In California, there are 921 golf courses, 124 of which are located in the desert. In the Palm Springs area, 25% of their pristine groundwater supply from wells is used to water golf courses. An average 18-hole golf course sprawls over 110 to 115 acres and conservatively uses almost 90 million gallons of water per year, enough to fill 136 Olympic-size swimming pools, according to Mike Huck, a water management consultant who works with golf courses statewide.

While agriculture in our state is being rationed, threatening our food supply and economy, I believe stricter restraints on golf courses should be enforced. Although many courses have made strides to becoming more water-efficient, it is not enough. Time has come to make painful choices and choosing farms over recreation may be one of these.

I appreciate the value of outdoor exercise, and I’m sure many golfers will take exception to the suggestion that we ration their activity, but we are in a 20-year mega-drought and I believe we should not sacrifice farming to golf courses.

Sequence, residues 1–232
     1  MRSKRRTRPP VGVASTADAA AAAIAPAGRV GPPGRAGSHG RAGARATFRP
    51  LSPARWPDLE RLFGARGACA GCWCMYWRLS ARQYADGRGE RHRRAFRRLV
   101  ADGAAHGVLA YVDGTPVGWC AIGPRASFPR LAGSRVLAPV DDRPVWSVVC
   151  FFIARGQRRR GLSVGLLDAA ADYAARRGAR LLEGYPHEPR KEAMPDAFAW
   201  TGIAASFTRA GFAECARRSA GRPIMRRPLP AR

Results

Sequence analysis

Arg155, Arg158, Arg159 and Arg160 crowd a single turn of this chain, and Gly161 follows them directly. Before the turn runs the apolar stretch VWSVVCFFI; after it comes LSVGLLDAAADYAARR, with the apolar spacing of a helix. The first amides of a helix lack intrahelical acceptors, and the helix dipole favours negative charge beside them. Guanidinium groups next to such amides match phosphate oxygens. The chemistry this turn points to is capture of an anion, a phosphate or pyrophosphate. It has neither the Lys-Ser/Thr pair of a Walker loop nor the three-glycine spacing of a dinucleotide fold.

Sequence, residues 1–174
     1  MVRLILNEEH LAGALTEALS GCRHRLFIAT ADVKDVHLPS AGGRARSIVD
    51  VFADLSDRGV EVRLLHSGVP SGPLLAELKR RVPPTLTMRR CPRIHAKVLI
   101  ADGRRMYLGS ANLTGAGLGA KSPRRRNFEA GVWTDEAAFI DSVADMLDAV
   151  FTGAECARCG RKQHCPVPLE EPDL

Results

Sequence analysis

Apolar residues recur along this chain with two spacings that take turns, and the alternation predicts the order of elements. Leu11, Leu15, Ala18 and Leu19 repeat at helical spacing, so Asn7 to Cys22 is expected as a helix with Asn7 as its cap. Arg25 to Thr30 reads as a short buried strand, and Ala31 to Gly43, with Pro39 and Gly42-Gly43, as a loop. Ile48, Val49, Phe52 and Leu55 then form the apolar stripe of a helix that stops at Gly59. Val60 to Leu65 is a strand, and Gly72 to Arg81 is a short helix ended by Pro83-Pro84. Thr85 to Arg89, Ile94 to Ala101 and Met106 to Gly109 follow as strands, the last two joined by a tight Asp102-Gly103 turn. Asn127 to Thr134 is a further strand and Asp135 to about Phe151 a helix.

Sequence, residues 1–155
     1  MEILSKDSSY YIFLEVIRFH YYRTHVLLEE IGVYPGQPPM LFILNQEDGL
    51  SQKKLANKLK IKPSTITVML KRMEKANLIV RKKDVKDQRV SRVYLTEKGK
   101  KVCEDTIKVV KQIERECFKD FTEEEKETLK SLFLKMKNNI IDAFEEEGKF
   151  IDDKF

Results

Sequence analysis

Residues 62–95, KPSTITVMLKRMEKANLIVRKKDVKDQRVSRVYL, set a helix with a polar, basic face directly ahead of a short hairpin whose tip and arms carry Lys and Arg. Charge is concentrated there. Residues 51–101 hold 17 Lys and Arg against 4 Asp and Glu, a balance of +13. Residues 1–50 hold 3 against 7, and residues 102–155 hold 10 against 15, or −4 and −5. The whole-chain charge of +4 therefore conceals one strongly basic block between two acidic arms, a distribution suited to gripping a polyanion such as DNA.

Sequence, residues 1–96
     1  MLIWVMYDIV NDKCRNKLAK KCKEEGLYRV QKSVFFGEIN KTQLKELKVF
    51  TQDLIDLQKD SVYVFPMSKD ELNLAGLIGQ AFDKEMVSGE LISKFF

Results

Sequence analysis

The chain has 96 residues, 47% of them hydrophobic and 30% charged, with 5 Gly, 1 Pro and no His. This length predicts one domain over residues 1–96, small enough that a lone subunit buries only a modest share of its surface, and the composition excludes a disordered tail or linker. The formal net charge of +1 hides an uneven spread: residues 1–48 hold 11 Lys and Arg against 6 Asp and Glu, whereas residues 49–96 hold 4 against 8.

Ruth Schueler

Foster City

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(1) comment

Terence Y

Ms. Schueler – how many golf courses can be watered if we stopped letting up to 50% of our water flow out to sea? If the state doesn’t do their part, why should golf courses, or anyone else? Meanwhile, I’ll cogitate about your letter as I water my lawn, wash my car, and do a few loads of laundry this weekend. Maybe I’ll refresh the water in my fish pond if I read another letter imploring us to save water.

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